6 likes
  10. Welp, guess I am done parenting. (He didn’t notice there was no diploma in there. It arrives by mail in a couple weeks.)
    6 likes
  11. Mark Hamill liked my comment on Facebook today so I'm pretty much a celebrity by proxy.
    6 likes
  12. I finally scheduled myself a mental health appointment. It's not for another month, but hey. Today has been a pretty bad day for absolutely no reason at all, even with the last few being good ones. Shit's fucking hard man.
    6 likes
  13. Our little guy has been around for a whole year now! I can barely believe it.
    5 likes
  14. Autumn in the mountains of NC is indescribably beautiful.
    5 likes
  15. Good news, obstacle cleared, for now. This is still a year-long process, but I think I am better prepared than most people.
    5 likes
  16. My second interview went well. I think I have a good shot at a job offer!
    5 likes
  17. I got a check I wasn't expecting! Bonus money!
    5 likes
  18. THE MURDEROUS HANDS OF DISNEY my all time favorite nightly quote
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  19. The little guy is both crawling now and constantly pulling himself up onto his feet on anything he can find. There goes being able to put him down in one spot.
    5 likes
  20. The more shows come out, the more I think Order 66 didn't really do anything did it?
    5 likes
  21. So…. on strike. Working on a few personal projects. I am planning to shoot a short scifi film. There’s a couple space shots and I was assuming I’d need to do them as cg. I talked to a few friends who do that sort of thing and it’s not cheap. I was on YouTube watching videos to see if I could teach myself— cause that is the sort of thing my ADHD brain does… but 3D software vexes me. Anyway, happened upon a couple videos that showed that oddly, doing it the old school way is actually easier than CG now. With a decent lighting set up, a mini dolly, a green screen, camera and model spaceship you can do what ILM did decades ago with a few clicks in after effects (which I DO know how to use.) So obviously, I needed a spaceship. Off to some kitbashing tutorials, and a great one on “panelizing” by Adam Savage… I decided to convert this old batplane toy my kid nabbed at a garage sale a decade ago k to a chunky armored spaceship. So batplane, plus a lot of cut out pieces of styrene, parts from a macross valkryie armored fighter, a Russian fighter plane missile kit, another anime robot fighter plane, and a Space 1999 Eagle shuttle. Bunch of glue. Spray paint. 34737273 exacto knife blades. Cost me maybe around $30 in supplies.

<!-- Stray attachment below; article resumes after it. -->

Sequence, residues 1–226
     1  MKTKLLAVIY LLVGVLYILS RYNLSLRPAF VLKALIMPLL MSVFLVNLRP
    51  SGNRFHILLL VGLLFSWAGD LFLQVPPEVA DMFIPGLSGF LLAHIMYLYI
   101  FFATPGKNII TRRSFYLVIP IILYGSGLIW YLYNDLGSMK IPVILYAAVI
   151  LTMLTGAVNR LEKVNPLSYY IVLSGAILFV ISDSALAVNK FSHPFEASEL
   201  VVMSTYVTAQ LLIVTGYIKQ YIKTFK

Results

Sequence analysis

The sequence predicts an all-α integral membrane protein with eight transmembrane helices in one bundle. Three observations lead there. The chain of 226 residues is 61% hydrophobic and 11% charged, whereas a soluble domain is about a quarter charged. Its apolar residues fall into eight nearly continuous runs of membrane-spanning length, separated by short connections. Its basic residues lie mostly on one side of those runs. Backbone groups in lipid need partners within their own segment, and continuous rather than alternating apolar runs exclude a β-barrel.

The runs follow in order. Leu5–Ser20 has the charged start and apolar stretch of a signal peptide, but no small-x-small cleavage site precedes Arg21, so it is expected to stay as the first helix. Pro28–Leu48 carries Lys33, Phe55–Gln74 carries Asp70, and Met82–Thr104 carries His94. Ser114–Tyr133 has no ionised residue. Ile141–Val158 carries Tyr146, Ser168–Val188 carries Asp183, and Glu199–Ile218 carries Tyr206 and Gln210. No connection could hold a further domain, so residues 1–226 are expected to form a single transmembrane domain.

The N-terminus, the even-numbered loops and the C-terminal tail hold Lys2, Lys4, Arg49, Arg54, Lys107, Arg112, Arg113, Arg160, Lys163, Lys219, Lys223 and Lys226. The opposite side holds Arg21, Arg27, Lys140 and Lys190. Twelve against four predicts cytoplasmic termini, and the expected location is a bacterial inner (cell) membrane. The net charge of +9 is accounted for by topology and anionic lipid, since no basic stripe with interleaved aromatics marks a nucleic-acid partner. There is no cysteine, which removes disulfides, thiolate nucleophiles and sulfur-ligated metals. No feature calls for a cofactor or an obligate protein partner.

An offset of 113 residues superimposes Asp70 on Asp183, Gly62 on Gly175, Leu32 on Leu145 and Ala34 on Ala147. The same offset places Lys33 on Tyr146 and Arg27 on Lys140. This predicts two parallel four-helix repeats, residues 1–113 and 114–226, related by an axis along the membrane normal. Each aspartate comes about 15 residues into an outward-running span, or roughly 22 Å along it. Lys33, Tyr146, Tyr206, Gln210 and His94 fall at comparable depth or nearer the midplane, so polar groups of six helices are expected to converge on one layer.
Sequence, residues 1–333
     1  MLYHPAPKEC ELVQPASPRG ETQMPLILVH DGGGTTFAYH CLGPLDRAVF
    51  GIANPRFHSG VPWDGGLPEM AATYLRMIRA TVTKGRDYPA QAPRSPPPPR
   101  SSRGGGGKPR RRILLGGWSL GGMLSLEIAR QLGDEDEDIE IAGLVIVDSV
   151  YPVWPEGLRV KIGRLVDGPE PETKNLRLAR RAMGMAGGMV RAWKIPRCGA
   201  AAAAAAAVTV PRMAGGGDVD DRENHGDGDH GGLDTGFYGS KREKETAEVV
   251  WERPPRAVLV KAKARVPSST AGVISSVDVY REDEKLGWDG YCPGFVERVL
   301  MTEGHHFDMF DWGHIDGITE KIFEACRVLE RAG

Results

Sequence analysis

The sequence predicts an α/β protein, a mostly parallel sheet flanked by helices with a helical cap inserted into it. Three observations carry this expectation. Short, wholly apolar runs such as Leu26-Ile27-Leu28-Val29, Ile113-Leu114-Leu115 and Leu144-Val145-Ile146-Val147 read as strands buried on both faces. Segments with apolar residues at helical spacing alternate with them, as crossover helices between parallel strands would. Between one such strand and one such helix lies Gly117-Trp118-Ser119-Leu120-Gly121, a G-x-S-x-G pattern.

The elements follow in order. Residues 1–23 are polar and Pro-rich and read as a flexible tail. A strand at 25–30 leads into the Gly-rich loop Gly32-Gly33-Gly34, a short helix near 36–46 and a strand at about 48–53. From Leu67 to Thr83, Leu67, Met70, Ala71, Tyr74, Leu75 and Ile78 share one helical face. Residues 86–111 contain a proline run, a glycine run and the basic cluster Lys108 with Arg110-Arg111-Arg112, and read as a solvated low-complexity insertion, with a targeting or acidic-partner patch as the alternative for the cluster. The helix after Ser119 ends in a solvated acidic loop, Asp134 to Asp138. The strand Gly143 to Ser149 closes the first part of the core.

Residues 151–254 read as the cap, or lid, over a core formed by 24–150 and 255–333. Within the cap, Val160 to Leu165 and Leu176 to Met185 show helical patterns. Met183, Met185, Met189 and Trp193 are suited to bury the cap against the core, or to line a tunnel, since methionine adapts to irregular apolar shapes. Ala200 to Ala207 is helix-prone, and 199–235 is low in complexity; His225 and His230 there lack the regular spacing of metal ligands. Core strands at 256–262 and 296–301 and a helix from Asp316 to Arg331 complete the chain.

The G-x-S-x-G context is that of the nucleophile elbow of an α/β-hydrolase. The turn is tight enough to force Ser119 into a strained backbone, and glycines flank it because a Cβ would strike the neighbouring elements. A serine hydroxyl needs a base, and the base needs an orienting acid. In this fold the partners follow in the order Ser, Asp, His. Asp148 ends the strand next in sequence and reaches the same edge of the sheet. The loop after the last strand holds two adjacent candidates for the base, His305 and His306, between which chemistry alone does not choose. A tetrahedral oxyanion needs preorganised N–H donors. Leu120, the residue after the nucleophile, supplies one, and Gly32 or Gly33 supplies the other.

5 likes
  22. Well I was inspired by watching Star Trek Picard season 3 and I pulled this model out and built it. I wanted to do something different so I went with a gold finish. I think it came out pretty well!
    5 likes
  23. I just had this image of Lyra in high school telling her friends she’ll met them later cause she’s going to go smoke out with her Aunt Tami first.
    5 likes
  24. 4 likes
  25. But it literally is your life to take. You accepted responsibility for this animal's life and well being when you adopted him. You owe it to him to make his passing as peaceful as possible. I would feel much more guilty letting my pet suffer pain, and for far longer than is necessary, just to assuage my own feelings.
    4 likes
  26. It's been a few years now, but I talked about my Dad here before. During the last few years of my Dad's life, he was very sick and I was essentially his primary care person. I would call him every day or go to his house every other day to make sure he was ok. Sometimes it was like he had just given up on life, and wouldn't take care of himself. I would have to do a lot of things for him like taking him to the doctor, shopping for him, cleaning the house, etc. This was on top of working full time and going to school. I was under a ton of stress at the time. Despite my efforts to help him any way I could, my Dad would talk a lot about dying and being with my Mom who had passed away in 2013, how he hated life, and would get in moods where he would take things out on me. I knew rationally he was depressed, but when he would say things like that, or would even get nasty and lash out at me, I would secretly sometimes feel like he should just hurry up and die. I felt so guilty for that because I also loved my Dad very much.
    4 likes
  27. thanks guys, I appreciate this
    4 likes